July 31, 2013 – Queens Village New York – A despondent young couple, under pressure to break off their romance, instead chose suicide in front of a speeding LIRR train — leaving behind a multipage note that said they were going to a better place, sources told The Post yesterday.
“Two great people” are going to “paradise,” they wrote in a blue stenographer’s pad that was found on the Hollis, Queens, platform after their death leap Monday night.
“Everything will be good,” the note said.
Davon Smallwood, 25, and Ariana O’Neal, 21 — whose mother disapproved of their relationship — lived in Queens Village with their 2-year-old daughter.
In addition to the note, the tragic couple also left behind a black garbage bag stuffed with clothing, a bottle of Gorgi vodka and a can of Coca-Cola.
The young lovers had no IDs, and cops had to run their fingerprints to get their names. Most of their suicide note was in “illegible gibberish,” the sources said.
O’Neal recently ran away because her mother demanded she no longer bring Smallwood to the house, police sources said.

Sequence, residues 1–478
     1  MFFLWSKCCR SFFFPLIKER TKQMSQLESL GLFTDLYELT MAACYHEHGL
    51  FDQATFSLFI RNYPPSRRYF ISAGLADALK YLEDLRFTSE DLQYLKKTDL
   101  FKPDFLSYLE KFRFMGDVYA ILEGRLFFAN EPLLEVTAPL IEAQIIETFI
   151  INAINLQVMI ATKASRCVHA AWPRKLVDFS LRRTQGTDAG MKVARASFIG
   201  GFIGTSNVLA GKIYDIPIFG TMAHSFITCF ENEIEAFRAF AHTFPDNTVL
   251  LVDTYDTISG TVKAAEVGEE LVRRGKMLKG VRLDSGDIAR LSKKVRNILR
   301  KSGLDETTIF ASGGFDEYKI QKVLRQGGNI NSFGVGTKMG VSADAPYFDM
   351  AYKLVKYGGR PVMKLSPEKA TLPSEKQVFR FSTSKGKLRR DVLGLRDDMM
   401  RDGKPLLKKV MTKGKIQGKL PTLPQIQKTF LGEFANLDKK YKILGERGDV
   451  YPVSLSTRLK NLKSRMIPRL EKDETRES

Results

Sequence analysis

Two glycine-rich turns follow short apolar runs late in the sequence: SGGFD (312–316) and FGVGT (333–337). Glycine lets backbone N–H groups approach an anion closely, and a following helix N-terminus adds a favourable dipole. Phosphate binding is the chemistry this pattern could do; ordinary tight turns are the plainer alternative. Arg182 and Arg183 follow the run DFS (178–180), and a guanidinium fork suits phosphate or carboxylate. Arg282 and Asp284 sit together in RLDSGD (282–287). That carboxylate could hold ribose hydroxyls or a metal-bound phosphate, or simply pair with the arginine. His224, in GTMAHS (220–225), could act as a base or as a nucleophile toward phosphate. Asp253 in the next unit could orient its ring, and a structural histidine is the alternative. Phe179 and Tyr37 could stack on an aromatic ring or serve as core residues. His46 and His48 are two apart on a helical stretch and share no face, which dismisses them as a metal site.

The mom was upset over his recent trouble with the law.“Her mom didn’t want the boyfriend living with all of them,” her landlord, Kinsley Senior, said last night. “She didn’t like him.”
The two were arrested earlier this month for allegedly stealing jewelry from a Jamaica, Queens store. A neighbor said they both dyed their hair red recently.
Terri Simmons, who lives directly across from the station, said she had never seen Smallwood before, but often saw O’Neal moping around the area.
She would spend hours sitting on a urine-soaked stairway leading to the railroad platform.
Simmons, 50, said she approached the young woman several times to ask if she was all right, but she never even raised her head.
At around 10:15 p.m. Monday, Simmons heard a “boom” from the bodies’ impact with the Manhattan-bound express train, and ran to the station.
An MTA cop who responded to the scene read the first page of the notebook and said, “Oh, my God, it’s a suicide note!”
He then put the notebook back on the platform and snapped pictures of every page, Simmons said.
MTA officials said the train was traveling 80 mph — the “maximum allowable speed” — as it barreled toward Penn Station.
The engineer spotted the couple moments before they leaped in front of his train, but was unable to stop in time, he told investigators.
The impact cracked the windshield.
About 125 passengers were on board the train, which was held at the station for nearly two hours as the couple’s mangled bodies were removed.